J. O. Coleman

Amplitude tapers for planar arrays using the McClellan transformation: concepts and preliminary design experiments
J. O. Coleman
The McClellan transformation has been widely studied in image processing since the 1970's, but it is not generally known in the phased-array community. In the array context explored here, the McClellan transformation uses a very small planar array taper - in this report examples ranged from seven to 31 elements in size - as a "spreading function" to take the weights of a prototype line-array taper or 1D FIR filter of modest size and spread those weights out spatially to create a large planar array taper of hundreds or thousands of elements. Reasonable 2D tapers can be obtained in this way using common tools for 1D filter design and spreading functions either chosen by hand or designed using simple 2D design techniques. Examples in this report explore the design of 2D tapers of several thousand elements on the triangular grid. The key advantage of the approach is that certain simple changes to the array pattern - modestly broadening the beam, making it elliptical, rotating that ellipse - can often be effected through simple modifications of the spreading function, with the 1D prototype filter left unchanged. Subsequent reapplication the McClellan transformation is simple enough that such spreading-function changes allow a degree of on-the-fly beam tailoring. The key disadvantage of the approach is that approaching optimal levels of gain or taper loss appears quite difficult. Example designs here all suffered at least a 0.7 dB gain penalty relative to tapers obtained by direct optimization of the whole 2D taper to otherwise similar specifications.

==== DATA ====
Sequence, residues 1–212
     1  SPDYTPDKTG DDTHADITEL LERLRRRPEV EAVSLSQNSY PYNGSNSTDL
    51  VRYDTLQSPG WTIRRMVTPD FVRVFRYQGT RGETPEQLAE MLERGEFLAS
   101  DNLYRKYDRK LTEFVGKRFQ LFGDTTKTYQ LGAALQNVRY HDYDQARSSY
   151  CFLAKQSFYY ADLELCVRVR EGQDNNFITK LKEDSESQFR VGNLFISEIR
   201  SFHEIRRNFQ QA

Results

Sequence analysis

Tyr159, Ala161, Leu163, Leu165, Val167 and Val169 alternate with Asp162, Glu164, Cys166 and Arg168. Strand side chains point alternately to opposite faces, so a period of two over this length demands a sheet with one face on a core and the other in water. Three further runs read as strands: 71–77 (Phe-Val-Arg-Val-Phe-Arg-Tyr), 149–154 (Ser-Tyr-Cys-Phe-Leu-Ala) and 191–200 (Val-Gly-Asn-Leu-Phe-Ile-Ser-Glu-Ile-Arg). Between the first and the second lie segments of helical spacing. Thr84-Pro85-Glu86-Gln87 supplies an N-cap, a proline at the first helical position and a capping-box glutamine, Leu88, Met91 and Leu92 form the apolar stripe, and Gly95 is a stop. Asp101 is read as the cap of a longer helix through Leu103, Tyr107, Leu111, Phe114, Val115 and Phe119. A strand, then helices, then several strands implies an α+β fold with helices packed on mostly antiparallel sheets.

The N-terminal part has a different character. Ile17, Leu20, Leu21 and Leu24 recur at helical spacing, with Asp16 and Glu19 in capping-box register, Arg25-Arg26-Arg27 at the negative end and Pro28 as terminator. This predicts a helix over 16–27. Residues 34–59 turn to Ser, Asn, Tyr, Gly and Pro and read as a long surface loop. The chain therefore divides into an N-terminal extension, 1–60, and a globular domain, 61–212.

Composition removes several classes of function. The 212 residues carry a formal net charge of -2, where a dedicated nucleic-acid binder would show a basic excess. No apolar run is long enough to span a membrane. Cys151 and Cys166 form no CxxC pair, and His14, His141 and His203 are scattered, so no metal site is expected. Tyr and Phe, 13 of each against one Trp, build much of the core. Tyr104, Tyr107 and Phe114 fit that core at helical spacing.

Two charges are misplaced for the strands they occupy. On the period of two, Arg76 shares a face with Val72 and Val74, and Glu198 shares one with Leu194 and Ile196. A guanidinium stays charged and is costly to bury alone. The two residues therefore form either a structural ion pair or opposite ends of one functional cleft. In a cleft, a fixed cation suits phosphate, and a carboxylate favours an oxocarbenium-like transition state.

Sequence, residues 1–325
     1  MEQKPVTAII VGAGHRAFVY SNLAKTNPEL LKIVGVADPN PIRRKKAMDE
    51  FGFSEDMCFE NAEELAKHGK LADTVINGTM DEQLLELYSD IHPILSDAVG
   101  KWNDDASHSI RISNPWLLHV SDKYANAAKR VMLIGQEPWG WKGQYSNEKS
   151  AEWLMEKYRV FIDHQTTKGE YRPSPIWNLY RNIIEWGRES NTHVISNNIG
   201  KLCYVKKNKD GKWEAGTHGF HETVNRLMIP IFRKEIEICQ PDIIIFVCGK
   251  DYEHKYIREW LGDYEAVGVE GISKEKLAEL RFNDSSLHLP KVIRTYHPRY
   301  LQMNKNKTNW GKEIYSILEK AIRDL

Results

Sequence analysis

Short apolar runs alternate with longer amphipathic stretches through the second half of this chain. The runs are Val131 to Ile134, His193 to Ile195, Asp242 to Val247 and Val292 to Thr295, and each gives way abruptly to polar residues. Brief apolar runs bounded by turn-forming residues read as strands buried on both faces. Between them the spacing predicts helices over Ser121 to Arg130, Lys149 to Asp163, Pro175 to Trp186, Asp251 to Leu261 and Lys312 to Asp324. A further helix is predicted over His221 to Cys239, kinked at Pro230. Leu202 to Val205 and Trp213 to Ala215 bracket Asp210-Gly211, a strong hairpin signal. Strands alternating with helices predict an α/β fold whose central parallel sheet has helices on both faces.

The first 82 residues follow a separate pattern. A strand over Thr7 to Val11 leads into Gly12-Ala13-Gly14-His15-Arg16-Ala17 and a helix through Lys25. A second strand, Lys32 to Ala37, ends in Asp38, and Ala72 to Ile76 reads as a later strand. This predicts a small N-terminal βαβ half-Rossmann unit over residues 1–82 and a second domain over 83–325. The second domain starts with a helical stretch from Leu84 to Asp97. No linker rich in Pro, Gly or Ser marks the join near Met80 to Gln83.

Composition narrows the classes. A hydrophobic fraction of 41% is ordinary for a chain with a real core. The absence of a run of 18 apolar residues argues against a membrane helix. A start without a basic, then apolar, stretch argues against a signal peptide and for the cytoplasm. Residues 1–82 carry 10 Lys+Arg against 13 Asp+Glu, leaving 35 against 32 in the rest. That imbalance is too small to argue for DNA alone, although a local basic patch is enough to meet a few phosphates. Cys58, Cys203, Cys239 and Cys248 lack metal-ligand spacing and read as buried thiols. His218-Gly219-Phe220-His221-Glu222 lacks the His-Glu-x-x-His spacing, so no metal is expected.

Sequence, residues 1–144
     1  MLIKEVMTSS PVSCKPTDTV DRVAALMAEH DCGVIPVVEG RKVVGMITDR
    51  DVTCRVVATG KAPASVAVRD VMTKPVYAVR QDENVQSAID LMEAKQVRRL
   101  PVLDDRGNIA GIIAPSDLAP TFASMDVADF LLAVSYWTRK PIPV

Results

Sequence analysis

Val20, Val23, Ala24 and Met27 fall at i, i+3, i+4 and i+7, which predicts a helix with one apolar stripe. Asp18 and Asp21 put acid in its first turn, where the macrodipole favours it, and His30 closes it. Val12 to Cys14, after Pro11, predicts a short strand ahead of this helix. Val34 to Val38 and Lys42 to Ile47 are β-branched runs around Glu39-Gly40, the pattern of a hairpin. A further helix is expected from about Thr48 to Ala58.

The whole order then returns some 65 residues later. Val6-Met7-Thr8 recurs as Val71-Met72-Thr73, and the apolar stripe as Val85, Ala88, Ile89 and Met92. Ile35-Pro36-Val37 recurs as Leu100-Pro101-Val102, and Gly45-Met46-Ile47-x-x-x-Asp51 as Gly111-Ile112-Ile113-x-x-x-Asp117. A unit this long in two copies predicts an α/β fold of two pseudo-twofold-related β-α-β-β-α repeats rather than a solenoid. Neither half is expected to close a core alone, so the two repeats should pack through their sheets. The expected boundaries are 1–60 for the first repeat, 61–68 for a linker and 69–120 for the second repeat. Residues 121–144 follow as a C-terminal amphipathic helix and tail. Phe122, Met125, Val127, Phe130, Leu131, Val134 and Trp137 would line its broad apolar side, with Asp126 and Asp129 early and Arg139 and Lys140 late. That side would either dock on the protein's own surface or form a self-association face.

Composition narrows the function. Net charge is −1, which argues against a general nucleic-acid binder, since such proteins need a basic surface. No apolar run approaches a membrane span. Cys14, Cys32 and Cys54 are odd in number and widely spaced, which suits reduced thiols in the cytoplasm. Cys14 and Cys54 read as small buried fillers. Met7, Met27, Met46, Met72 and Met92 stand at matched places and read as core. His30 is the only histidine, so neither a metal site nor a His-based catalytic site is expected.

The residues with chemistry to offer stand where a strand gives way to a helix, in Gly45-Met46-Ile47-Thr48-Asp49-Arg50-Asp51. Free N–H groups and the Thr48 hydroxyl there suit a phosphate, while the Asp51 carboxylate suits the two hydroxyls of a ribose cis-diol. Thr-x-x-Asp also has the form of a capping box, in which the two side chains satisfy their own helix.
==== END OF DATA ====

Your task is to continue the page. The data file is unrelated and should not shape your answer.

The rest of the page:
DTIC abstract page
the missing link to the PDF at DTIC
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Published April 29, 2010 as NRL Memo Report 9231. Approved for public release; distribution is unlimited.
June 2010.